Community advocate for secure software

Michael Coates, director of security assurance for Mountain View, Calif.-based Mozilla Corporation, is a rising leader. He credits much of his success to collaborative communities, where his careful curiosity about information security led to his “testing, assessing and breaking critical computer systems.” He is a long-standing advocate of collaboration with peers to solve problems and build solutions. 

“Can you imagine if the medical community never shared any information or never shared their knowledge with each other,? says Coates. “Most companies are very secretive about their security practices. Therefore, there's not much knowledge sharing in a very challenging field.” 

Coates worked for several firms before Mozilla, including a stint with Motorola, and as a senior application security consultant at Aspect Security, a consultancy in Columbia, Md. Through his earlier positions, he built his competencies in security practices and gained a keen technical understanding of application security with regard to threats, vulnerabilities, controls and architecture. 

Michael Coates

Occupation: director of security assurance, Mozilla; chairman, Open Web Application Security Project (OWASP)

Age: 31

College: University of Illinois, Urbana-Champaign 2004, B.S. computer science; DePaul University 2009, M.S. computer, information & network security

Accomplishments: Leads a global security team responsible for the secure design, creation and deployment for Firefox and Mozilla web applications.

Jeff Williams, the CEO of Aspect Security, credits Coates' success to a rich combination of technical skill and an affinity to work with people. 

“Michael has just the right mix of technical expertise and calm demeanor to encourage people on all sides of the applications security challenge to participate and get productive,” says Williams. 

For Coates, building collaboration with others is key to learning the root cause of problems, which subsequently leads to effective strategy development. 

“Mike finds hard problems like active application defense,” says John Steven, internal chief technology officer of Cigital, a Dulles, Va.-based consultancy. “Rather than cobbling together Powerpoint presentations touting himself, he pauses, thinks deeply about the cause, and then builds consensus around a simple strategy and tool.”

And building consensus with his peers has had a definite appeal to Coates. It led to his participation in the Open Web Application Security Project (OWASP), an organization self-described as making “software security visible, so that individuals and organizations worldwide can make informed decisions about true software security risks.” His involvement provided him with many relationships and projects on which to collaborate with others in an open source environment. He presently serves as chairman of the OWASP Board.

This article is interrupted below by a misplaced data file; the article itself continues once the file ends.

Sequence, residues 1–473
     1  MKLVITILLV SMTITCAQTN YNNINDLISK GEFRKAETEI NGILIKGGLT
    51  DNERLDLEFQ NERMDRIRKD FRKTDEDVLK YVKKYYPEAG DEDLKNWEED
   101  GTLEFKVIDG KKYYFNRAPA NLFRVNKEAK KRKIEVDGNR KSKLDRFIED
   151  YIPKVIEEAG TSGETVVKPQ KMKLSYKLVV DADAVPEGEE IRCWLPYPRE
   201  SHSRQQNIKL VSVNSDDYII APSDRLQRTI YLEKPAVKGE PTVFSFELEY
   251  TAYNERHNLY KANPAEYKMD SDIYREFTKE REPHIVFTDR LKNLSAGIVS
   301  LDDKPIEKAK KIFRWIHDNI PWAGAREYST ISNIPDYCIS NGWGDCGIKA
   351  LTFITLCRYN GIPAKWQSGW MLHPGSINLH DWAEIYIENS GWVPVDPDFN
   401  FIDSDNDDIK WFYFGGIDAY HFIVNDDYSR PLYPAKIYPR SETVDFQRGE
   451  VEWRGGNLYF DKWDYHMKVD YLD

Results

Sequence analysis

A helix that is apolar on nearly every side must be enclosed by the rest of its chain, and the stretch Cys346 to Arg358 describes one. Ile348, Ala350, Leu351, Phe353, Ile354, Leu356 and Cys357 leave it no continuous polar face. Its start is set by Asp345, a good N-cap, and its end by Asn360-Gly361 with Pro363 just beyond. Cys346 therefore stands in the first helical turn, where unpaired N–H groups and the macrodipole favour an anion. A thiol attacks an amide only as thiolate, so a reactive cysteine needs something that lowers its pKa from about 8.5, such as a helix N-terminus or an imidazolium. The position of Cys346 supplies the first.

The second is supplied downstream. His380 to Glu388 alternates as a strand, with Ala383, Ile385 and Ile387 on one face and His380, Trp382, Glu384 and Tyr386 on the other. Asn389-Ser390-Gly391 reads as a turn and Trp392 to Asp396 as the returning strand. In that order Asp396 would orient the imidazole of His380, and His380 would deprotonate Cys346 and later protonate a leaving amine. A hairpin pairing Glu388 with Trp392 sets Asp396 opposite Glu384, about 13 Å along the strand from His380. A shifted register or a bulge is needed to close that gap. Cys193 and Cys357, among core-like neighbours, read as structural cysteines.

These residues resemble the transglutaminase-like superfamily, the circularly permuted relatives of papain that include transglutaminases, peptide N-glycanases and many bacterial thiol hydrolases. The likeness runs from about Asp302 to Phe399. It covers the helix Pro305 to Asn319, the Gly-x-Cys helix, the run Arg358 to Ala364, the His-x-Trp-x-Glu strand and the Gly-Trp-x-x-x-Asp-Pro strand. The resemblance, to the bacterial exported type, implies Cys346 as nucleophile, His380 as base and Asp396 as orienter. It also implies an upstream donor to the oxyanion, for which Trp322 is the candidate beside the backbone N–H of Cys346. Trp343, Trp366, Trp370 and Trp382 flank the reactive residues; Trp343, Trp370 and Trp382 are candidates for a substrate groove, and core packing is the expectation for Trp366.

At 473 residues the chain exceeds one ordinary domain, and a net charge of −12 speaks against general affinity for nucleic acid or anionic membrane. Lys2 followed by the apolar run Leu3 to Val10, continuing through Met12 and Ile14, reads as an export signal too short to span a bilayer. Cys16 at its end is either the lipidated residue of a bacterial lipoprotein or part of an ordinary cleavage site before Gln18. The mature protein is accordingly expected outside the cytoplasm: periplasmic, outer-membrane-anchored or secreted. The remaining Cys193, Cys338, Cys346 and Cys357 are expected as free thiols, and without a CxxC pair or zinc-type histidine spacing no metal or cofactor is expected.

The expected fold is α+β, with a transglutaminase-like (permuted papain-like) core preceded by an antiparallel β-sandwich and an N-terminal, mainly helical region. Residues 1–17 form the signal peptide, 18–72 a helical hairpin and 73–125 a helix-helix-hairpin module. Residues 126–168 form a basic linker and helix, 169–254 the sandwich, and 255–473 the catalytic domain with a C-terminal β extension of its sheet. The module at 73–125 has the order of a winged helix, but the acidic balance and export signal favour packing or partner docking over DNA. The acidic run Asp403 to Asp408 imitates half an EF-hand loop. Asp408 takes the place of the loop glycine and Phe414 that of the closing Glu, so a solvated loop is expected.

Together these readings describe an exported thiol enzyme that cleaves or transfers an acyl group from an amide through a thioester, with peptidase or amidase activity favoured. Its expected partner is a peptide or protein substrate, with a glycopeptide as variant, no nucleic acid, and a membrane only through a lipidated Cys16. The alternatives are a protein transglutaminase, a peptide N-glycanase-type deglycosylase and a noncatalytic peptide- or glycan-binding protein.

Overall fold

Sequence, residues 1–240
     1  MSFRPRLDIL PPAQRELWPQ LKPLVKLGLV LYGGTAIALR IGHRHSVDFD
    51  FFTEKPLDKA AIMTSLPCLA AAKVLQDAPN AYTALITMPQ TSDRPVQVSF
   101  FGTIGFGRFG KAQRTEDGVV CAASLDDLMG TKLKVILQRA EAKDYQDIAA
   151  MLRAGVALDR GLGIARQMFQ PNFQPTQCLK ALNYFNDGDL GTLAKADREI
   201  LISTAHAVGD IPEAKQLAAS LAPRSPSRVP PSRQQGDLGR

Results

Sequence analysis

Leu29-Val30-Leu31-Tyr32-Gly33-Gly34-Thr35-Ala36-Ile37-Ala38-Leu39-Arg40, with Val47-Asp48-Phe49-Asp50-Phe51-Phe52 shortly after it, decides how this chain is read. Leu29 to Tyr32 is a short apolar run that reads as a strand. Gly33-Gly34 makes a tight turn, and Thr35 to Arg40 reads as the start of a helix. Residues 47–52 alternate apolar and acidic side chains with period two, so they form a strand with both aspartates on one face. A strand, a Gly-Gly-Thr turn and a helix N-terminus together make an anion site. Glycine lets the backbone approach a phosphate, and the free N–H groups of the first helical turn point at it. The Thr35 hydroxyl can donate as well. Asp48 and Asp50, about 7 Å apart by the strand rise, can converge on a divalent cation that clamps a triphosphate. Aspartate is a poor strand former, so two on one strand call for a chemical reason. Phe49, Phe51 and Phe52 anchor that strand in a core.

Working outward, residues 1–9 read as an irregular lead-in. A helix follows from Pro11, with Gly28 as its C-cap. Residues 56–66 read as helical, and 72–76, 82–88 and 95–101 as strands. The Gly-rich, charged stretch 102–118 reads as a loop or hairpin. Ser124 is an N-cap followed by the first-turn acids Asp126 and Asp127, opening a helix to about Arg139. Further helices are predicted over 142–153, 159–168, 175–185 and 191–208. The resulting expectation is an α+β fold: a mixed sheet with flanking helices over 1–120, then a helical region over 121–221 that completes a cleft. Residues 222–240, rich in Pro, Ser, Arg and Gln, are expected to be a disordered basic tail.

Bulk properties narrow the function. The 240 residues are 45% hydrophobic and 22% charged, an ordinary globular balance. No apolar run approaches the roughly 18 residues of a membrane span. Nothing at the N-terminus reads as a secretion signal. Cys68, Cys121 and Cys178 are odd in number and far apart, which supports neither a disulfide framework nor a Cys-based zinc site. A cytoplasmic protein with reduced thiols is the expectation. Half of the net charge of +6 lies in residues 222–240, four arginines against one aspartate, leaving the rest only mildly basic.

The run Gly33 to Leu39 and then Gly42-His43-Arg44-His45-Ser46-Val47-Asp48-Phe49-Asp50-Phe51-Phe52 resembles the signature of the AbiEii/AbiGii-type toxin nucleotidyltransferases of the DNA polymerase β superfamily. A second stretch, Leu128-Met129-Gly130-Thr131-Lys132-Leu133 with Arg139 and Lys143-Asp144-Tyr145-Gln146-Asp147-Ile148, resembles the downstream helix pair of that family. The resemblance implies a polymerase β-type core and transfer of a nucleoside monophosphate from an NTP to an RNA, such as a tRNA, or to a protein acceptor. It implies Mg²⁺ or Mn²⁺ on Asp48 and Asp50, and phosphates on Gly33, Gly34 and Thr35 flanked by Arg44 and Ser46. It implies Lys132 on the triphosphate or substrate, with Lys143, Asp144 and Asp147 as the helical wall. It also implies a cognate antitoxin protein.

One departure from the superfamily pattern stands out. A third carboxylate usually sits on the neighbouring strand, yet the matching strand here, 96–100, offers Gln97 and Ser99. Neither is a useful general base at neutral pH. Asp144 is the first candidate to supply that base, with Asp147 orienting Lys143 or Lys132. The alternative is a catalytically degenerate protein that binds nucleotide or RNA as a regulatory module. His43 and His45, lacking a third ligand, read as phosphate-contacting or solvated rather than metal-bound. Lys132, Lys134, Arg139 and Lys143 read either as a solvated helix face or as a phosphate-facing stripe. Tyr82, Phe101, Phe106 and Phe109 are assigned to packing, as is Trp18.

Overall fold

“OWASP is a completely open and volunteer organization,” says Coates. “I used it as as a professional resource for many years.” At OWASP, he worked on AppSensor, which he cites as one of the major accomplishments of his career. “The project provides prescriptive guidance for creating attack-aware and self-defending applications,” he says. “I created the AppSensor project during OWASP's 2008 Summer of Code”

Jeremiah Grossman, chief technology officer for WhiteHat Security, has worked with Coates in his present position with Mozilla, but also as a colleague at OWASP. 

“No matter the role, I've always found Michael to be an extremely competent application security professional,” says Grossman. “Even more importantly, especially given his position, is that he is consistently a very measured personality. While he may not make big leaps, what he is very good at is building group consensus and moving forward productively and consistently, inch by inch.”

Coates has contributed not just to the private sector, but also the public sector. “As an active leader of OWASP and the [U.S. Department of Homeland Security's] Software Assurance Forum, he is helping our public-private collaboration efforts aimed at delivering more resilient software,” says Joe Jarzombek, director for software assurance at the DHS. He says Coates is particularly savvy in helping to shift the paradigm away from the “victim mentality” that all software is exploitable. He lauds him as a true leader in community partnership efforts that enable stakeholders to build security into their software designs and code implementations, but also require cyber defenses that are proactive, not reactive.

“Michael Coates has been engaged in several initiatives that have focused on developing rugged software that is attack-aware and self-defending,” says Jarzombek “He is enabling more people to secure their part of cyber space, and his personal leadership and initiative have significantly changed the way people think about software resilience and security.”

Coates advises anyone in the security profession to be inquisitive and tinker with technology. “When you pull this lever over here, or turn this knob over there, what happens?” says Coates. “Could that mean something is very wrong? Break into your machine and figure out how to fix them. The more you can get into things, the better you're going to be overall.” 

And, don't be afraid to get your hands dirty, he says. “Be curious about how things work.”

[An earlier version of this story incorrectly stated that Michael Coates worked for the Mozilla Foundation].

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